Ceremonial London, London
Favorite thing: Formerly the headquarters of the British Army, the historic Horse Guards Parade is now a popular site for ceremonies and parades. Being the political hub of the United Kingdom, Horse Guards Parade lies across the way from Buckingham Palace. A number of monuments can be seen along the edges of the grounds paying homage to the military. The London Polo Championships were held here in 2009, and it was chosen as the site for the Beach Volleyball championships of the London 2012 Olympic Games. This historic area is not to be missed on your next trip London! Call ahead for more details.
Favorite thing: The changing of the Guards at Buckingham Palace is a daily ceremonial at about 10:45AM and again at 11:40AM), the mounted guards will ride past, firstly going up The Mall and then returning back down.
Changing the Guard or Guard Mounting is the process involving a new guard exchanging duty with the old guard.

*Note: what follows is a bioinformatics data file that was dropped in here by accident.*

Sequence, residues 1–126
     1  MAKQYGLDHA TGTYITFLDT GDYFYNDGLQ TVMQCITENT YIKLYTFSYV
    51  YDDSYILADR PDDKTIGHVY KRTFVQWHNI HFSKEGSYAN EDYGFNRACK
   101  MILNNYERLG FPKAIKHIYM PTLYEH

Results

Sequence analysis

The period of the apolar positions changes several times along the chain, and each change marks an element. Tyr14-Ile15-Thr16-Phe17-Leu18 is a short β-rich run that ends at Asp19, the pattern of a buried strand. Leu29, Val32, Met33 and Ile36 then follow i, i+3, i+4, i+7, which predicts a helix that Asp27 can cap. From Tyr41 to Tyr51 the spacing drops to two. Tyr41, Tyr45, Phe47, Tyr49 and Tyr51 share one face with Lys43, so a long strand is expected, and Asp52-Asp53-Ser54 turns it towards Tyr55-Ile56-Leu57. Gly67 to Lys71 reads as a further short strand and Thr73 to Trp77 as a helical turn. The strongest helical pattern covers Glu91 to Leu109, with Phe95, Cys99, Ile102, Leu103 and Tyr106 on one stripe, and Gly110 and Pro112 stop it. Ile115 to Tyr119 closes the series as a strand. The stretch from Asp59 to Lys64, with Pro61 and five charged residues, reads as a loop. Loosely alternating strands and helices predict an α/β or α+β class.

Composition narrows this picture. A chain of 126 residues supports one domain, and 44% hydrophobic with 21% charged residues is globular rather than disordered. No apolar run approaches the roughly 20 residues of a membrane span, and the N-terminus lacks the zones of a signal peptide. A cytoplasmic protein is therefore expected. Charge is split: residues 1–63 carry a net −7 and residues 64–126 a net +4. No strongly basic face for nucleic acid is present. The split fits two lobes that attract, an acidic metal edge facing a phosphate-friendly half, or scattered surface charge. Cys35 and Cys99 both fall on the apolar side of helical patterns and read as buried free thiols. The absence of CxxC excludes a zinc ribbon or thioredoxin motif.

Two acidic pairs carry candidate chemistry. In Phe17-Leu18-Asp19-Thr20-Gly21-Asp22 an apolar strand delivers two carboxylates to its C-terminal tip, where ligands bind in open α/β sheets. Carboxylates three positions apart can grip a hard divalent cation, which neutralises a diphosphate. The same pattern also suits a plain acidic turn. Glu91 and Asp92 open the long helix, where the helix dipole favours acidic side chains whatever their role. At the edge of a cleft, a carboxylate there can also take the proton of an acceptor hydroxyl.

The Guard which mounts at Buckingham Palace is called The Queen’s Guard and is divided into two Detachments: the Buckingham Palace Detachment (which is responsible for guarding Buckingham Palace), and the St. James’s Palace Detachment, (which guards St. James’s Palace). These guard duties are normally provided by a battalion of the Household Division and occasionally by other infantry battalions or other units.
This is one of 'Selfridges' many glorious window displays when we visited in May 2002 (5th). They were celebrating the great 'Bollywood' movie phenomenon, and what a way to celebrate it! I love Bollywood movies, 'Asoka', 'bandit Queen' and 'Salaam Bombay' being three my favourite Indian movies of all time, so thought it only apt to photograph the wonderful and picturesque windows.
This monument, unveiled by the Queen on 9th July 2005 is dedicated to all the women who served in World War II. It is situated close to the Cenotaph on Whitehall.
The website details the many crucial roles women undertook throughout both world wars:
Women in Uniform
The first recorded Mayor of London was Henry Fitz-Ailwyn 1189.
The most famous of them all is Dick Whittington, who held office three times, in 1397, 1406 and 1419. The common story of Dick is quite misleading as he was far from the poor serf, but in fact came from a wealthy background.
As for the black cat which helped him found his fortune by ridding the King of the Barbary Coast of a plague of rats, this is probably just another 'urban myth'!